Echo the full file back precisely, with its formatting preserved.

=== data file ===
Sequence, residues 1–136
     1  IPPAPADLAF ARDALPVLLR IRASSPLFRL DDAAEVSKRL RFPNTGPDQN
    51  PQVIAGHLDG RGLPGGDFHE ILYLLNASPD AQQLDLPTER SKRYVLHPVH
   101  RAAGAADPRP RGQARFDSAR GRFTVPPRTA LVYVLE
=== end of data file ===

Sequence, residues 1–136
     1  IPPAPADLAF ARDALPVLLR IRASSPLFRL DDAAEVSKRL RFPNTGPDQN
    51  PQVIAGHLDG RGLPGGDFHE ILYLLNASPD AQQLDLPTER SKRYVLHPVH
   101  RAAGAADPRP RGQARFDSAR GRFTVPPRTA LVYVLE